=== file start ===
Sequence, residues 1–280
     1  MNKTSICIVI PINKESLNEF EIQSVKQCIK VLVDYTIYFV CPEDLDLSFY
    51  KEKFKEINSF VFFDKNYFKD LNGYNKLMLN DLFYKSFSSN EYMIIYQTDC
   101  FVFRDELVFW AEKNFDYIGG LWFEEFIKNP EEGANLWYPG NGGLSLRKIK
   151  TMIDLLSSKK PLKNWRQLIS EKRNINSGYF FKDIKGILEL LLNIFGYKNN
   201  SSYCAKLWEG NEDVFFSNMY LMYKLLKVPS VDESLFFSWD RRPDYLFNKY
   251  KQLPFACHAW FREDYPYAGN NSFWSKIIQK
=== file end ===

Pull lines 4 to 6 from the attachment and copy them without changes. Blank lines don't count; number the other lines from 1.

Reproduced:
   101  FVFRDELVFW AEKNFDYIGG LWFEEFIKNP EEGANLWYPG NGGLSLRKIK
   151  TMIDLLSSKK PLKNWRQLIS EKRNINSGYF FKDIKGILEL LLNIFGYKNN
   201  SSYCAKLWEG NEDVFFSNMY LMYKLLKVPS VDESLFFSWD RRPDYLFNKY